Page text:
Global Politics

Why Democracy Remains Unlikely in Africa's Last Absolute Monarchy

The Arab Spring has shaken the foundations of regimes from Egypt to Libya. But could its ripples spread south to Swaziland?

Player utilities

Listen to the Story.

Swaziland is one of the smallest countries in Africa, positioned between South Africa and Mozambique.

It faces big challenges: a crumbling economy, a devastating HIV/AIDS epidemic and one of the lowest life expectancy rates in the world.

Swaziland is also the continent's last remaining absolute monarchy: King Mswati III rules with few constraints but he also presides over a people growing in anger.

A few years ago, King Mswati agreed to be interviewed for an American documentary, called Without the King. He made this argument:

"We can only succeed if we are all of us together. But if that one pulls in that direction, and that one pulls in that direction, the problems will overcome us instead of us overcoming the problems."

Today that ideal of the Swazi nation pulling together rings hollow for people like Sizwe, a youth leader in the country's largest city. He lays the blame for Swaziland's troubles squarely at the feet of the King.

"Of late, I really hate him," he says. "I'm sorry, but to me he's as good as dead."

King Mswati III is 43-years-old. He inherited the crown from his father in 1986, along with a fortune that's estimated now to stand at around 100 million dollars. He's taken fourteen wives, and—say his critics—he enjoys a lifestyle of palaces and plenty.

In contrast, most of his subjects live on less than two dollars a day. Some have taken to the streets in protest.

Swaziland's constitution provides for freedom of expression. But in practice, political parties are banned and authorities have often met political demonstrations with violence.

Still, the protests continue. In recent weeks trade union members, students, and even lawyers, have gathered in their hundreds to vent their frustrations.

But King Mswati is in no immediate danger of being overthrown by his people, partly because he commands a powerful security force. But that's not the only reason. Many, like 21-year-old Zama Simelane, believe he's not to blame.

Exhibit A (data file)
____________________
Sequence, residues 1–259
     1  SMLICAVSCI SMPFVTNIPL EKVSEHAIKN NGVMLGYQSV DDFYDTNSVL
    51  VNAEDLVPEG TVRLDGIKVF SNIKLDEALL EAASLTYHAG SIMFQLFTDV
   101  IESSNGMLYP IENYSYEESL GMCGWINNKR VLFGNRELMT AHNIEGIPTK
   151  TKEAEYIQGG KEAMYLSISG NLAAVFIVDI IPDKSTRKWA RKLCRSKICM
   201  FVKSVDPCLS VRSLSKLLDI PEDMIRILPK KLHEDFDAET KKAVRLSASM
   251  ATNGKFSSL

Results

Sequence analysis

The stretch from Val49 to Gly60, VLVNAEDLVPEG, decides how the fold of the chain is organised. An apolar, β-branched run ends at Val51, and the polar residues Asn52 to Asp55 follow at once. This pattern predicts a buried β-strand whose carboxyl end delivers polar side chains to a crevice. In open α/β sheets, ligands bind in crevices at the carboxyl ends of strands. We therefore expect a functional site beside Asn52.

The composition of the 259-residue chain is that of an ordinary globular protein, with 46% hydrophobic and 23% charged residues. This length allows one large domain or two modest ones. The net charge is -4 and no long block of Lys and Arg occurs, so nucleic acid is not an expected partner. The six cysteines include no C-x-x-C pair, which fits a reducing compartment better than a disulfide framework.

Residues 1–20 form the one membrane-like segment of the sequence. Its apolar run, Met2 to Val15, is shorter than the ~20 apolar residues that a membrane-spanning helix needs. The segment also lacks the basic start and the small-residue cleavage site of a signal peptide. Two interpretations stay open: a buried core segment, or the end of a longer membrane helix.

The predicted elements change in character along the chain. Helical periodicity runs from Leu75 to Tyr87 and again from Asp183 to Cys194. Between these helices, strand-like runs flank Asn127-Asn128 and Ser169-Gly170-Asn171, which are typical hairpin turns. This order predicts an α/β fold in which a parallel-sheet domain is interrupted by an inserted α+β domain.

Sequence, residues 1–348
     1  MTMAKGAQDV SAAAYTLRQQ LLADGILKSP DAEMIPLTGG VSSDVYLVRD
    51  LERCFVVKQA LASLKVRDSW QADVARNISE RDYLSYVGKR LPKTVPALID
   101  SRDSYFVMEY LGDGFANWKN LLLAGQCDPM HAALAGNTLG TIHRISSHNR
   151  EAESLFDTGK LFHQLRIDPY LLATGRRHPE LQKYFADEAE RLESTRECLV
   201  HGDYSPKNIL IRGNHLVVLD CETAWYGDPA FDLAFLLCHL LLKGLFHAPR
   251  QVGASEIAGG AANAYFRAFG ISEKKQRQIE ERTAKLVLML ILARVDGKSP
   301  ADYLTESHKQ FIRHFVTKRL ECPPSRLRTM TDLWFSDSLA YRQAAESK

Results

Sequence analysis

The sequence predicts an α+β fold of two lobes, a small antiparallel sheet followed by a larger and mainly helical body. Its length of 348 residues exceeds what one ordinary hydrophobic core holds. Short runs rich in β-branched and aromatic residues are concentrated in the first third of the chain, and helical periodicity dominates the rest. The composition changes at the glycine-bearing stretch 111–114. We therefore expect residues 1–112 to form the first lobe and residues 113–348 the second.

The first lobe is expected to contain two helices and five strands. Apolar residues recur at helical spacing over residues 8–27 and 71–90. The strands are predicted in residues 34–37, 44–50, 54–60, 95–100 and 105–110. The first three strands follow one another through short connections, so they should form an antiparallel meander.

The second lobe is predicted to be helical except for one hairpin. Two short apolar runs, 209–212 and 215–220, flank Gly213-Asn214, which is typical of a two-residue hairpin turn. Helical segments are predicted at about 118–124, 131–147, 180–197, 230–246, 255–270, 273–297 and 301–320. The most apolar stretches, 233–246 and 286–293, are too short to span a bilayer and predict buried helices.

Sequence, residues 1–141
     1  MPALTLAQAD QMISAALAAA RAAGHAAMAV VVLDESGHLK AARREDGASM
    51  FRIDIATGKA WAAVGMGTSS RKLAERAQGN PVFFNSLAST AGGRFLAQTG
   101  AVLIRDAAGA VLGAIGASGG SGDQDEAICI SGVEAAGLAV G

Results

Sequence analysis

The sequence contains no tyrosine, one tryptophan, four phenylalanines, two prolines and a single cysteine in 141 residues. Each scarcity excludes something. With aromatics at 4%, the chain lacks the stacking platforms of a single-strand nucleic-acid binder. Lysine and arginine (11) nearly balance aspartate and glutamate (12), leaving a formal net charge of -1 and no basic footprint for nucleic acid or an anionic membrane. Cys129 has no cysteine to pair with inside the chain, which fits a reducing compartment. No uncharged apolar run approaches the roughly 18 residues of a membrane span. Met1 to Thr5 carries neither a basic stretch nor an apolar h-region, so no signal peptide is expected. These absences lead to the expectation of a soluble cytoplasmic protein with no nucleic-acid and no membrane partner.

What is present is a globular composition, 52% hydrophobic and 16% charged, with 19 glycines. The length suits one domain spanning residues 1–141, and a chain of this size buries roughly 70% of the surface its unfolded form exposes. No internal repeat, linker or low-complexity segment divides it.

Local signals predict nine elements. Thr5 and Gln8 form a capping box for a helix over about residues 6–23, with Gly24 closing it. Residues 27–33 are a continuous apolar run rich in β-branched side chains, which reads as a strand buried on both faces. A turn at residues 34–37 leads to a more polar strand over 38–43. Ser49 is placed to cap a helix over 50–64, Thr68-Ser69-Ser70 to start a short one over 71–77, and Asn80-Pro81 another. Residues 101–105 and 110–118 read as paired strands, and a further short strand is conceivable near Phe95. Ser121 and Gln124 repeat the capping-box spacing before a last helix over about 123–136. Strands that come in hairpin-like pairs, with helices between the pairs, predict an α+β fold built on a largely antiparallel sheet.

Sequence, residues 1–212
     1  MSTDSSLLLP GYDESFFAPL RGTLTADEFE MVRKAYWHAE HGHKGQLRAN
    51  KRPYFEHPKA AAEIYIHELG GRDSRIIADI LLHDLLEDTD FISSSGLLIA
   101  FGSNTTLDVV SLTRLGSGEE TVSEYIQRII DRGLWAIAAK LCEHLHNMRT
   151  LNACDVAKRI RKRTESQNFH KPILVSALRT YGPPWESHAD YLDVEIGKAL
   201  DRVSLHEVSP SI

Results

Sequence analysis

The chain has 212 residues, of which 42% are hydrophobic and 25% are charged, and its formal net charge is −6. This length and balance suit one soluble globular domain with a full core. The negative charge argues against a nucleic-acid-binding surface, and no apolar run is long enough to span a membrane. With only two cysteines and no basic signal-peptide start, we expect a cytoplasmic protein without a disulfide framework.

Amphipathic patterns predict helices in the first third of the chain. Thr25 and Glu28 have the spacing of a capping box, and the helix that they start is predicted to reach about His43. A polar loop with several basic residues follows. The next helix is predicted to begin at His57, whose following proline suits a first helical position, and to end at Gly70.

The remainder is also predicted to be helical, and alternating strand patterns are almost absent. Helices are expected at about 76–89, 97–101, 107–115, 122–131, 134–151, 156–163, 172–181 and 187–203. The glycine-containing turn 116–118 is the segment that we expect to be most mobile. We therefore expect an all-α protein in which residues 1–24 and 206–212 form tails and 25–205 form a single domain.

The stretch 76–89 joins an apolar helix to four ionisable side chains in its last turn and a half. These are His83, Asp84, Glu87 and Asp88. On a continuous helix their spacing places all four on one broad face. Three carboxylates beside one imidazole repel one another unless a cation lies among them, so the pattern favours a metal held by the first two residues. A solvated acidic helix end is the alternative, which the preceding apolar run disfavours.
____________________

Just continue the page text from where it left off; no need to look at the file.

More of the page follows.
"It's the people who are close to him that are actually making these huge decisions," she contends. "It's just the way the government is being run."

The way the government is being run is the King's way. But there's another reason why Mswati remains strong despite his critics.

"It is a struggle by the people within people," according to Mario Masuku, who leads one of the banned political groups, the People's United Democratic Movement.

"There [are] no racial concerns, there [are] no ethnic concerns. It is just a people within themselves."

Masuku's point is that almost all Swazis share a common heritage, including a common tribal link with their King. Mswati isn't a colonizer, or even an exotic strongman like Muammar Gaddafi.

But for Masuku, he's not above reproach either.

"Our culture in Swaziland has been politicized," he says.

For example, he continues, King Mswati has taken to appointing tribal chiefs instead of allowing titles to be handed down through birth. That's shored up his position.

But most Swazis aren't aware of such political machinations. They just want their voices to be heard, and freely. That's not an easy thing to achieve, says Hleli Luhlanga, who directs the Swaziland Young Women's Network.

"When we go to the communities to empower people we have to answer to the police," she says. "They want to know what our agenda is all about."

Talking about politics directly isn't possible, adds Luhlanga. "That's a no-go zone. You are not allowed."

Then again, maybe change is just a matter of time: it came to Swaziland's neighbors: South Africa, Malawi, and Mozambique. Recently it's come to some north African countries too.

But Sizwe, the youth activist, says that democracy in Swaziland needs help from outside, even if it's only the oxygen of international attention.

"We are not getting the attention the other countries are getting, solely because we don't have anything in hand," he complains.

"If you look at Libya, you look at Tunisia, almost all those northern countries, they are rich in oil, they have minerals. So when you bring up the Swazi case, what does Swaziland have? If I try to help Swaziland, what will I get in return?"

For neighboring South Africa at least, there would be something in return: stability across its border. Recently, the South African government offered Swaziland a financial lifeline in exchange for a set of reforms, some fiscal, others political.

Those political reforms would amount to baby steps only. Regardless, King Mswati has so far chosen to reject the offer.

Alex Gallafent reported from Swaziland on a fellowship from the International Reporting Project.